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News & Media

Latest ITER Newsline

  • Deliveries | A third magnet ready for transport to ITER

    Three ITER magnets are now in transit to ITER from different points on the globe—two toroidal field magnets and one poloidal field coil. In terms of component w [...]

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  • Heaviest load yet | Europe's coil soon to hit the road

    It's big, it's heavy, it's precious and it's highly symbolic: the toroidal field coil that was unloaded at Marseille industrial harbour on 17 March is the most [...]

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  • Russia's ring coil | Entering the final sequence

    The smallest of ITER's poloidal field coils is entering the final sequence in a long series of activities that transform cable-in-conduit superconductor into a [...]

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  • Coping with COVID | Adjusting to maintain progress

    COVID-19 needs no introduction. But for a 35-country collaboration like ITER, the dramatic worldwide spread of the virus has introduced an entirely new set of c [...]

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  • United States | A roadmap to fusion energy

    Hundreds of scientists across the United States—representing a broad range of national labs, universities, and private ventures—have collaborated to produce A C [...]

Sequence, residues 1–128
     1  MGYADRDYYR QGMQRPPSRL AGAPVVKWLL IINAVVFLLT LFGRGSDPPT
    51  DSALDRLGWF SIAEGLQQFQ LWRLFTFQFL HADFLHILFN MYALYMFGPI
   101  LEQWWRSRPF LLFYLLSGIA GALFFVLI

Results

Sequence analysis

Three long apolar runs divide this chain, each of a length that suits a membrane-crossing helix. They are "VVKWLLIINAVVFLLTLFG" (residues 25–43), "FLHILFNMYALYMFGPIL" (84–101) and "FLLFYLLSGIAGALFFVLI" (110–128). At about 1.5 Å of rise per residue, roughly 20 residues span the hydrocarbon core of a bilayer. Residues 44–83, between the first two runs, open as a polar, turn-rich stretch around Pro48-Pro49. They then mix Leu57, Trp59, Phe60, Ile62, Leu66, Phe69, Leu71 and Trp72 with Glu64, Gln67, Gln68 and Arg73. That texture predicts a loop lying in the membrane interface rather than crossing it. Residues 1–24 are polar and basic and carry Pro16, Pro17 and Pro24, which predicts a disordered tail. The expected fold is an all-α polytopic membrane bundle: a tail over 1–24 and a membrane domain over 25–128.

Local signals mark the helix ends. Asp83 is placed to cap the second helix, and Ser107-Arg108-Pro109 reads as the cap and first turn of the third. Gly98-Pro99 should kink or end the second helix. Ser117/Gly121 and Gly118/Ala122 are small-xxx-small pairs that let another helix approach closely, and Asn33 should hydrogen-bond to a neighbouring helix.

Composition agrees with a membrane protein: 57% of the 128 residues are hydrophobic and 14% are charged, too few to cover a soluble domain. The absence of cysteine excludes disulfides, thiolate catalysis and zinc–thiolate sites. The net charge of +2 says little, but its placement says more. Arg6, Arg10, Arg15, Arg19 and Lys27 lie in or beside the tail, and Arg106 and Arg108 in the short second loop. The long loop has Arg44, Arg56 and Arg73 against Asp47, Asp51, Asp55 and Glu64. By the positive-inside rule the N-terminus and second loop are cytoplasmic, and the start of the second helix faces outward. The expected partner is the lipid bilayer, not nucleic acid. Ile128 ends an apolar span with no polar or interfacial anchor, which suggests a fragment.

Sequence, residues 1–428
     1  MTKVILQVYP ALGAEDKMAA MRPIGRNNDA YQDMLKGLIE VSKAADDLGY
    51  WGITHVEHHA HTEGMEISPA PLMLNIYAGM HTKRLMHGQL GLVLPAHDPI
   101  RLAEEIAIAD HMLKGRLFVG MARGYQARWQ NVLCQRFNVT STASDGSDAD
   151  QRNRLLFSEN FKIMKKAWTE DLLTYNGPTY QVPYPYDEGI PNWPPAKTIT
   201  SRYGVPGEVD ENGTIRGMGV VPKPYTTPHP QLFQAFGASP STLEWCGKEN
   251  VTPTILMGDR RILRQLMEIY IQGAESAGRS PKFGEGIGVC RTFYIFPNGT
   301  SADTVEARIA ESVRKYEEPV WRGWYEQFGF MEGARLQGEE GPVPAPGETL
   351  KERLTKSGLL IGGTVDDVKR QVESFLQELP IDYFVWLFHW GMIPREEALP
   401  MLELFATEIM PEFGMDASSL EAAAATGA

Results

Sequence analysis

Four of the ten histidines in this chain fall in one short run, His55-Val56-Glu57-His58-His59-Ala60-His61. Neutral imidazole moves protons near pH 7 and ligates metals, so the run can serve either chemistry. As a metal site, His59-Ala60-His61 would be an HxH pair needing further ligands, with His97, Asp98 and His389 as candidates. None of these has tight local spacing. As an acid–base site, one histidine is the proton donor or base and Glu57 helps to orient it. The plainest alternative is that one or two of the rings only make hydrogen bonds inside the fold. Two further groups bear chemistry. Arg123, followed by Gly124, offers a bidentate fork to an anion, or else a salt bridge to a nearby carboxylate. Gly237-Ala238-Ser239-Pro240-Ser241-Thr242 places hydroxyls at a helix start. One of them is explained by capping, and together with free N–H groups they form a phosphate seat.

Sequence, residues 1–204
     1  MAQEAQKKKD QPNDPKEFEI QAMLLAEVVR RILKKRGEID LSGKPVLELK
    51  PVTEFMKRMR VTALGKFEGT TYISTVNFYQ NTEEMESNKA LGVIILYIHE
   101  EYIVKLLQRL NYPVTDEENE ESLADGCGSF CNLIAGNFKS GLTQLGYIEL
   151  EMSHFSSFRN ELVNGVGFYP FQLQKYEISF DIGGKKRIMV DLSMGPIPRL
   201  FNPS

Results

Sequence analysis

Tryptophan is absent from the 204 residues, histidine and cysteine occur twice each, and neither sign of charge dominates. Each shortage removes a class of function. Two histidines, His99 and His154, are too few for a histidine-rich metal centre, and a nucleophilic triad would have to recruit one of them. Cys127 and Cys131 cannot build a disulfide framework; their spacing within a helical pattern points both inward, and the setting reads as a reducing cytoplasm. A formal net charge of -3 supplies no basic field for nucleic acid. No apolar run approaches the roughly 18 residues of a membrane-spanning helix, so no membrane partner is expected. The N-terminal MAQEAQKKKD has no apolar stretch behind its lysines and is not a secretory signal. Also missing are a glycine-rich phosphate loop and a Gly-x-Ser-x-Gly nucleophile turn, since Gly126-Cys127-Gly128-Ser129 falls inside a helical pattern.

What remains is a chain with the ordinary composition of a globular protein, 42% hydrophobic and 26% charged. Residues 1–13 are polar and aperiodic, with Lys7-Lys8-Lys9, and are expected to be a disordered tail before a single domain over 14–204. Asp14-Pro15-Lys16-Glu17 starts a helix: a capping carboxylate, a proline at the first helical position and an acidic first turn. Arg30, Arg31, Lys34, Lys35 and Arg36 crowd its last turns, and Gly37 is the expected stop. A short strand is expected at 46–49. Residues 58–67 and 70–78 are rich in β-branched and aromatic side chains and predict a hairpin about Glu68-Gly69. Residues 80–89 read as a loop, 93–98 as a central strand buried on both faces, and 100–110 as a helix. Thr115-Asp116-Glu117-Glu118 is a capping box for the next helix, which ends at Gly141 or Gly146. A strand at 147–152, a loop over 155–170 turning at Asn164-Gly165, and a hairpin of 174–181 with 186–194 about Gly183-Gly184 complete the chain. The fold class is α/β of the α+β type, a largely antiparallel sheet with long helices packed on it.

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Of Interest

See archived entries

A narrow passage to ITER

At the gorge of Mirabeau, 10 kilometres to the south of the ITER site, the wide Durance riverbed abruptly narrows into a gully less than 180 metres wide.

The remnants of the old bridge of Mirabeau, built in 1847, seem to stand guard over the narrow passage that leads to ITER. (Click to view larger version...)
The remnants of the old bridge of Mirabeau, built in 1847, seem to stand guard over the narrow passage that leads to ITER.
Overlooking the left bank, a road leading to the village of Saint-Paul-lez-Durance was hewn from the rock. Despite recent adjustments, it still offers only limited space for passage.

And yet, this is the road every ITER convoy must travel in order to reach the ITER site.

In this picture, a segment of the ITER cryostat lower cylinder is embarking on the last leg of its journey—ITER is now only 30 minutes away.

To the left, the remnants of the old bridge, built in 1847, seem to stand guard over the passage.

Initially planned as an HEL convoy (for Highly Exceptional Load)—a massive and costly logistics operation—the six lower cylinder segments of the cryostat were all "downgraded" to CEL convoys (for Conventional Exceptional Load), a transport category that requires lighter technical assistance and a reduced security escort.

This was possible (with heavy technical adaptations) because the rather light components (39 tonnes) exceeded the typical CEL dimensions by only 65 centimetres in height.

We will soon have a story on how DAHER, the logistics service provider responsible for the transport of components from Fos-sur-Mer harbour to the ITER site, plans to bring down the anticipated number of HEL, in order to achieve "best value for money" while reducing the inconveniences of the ITER HEL convoys on local populations.


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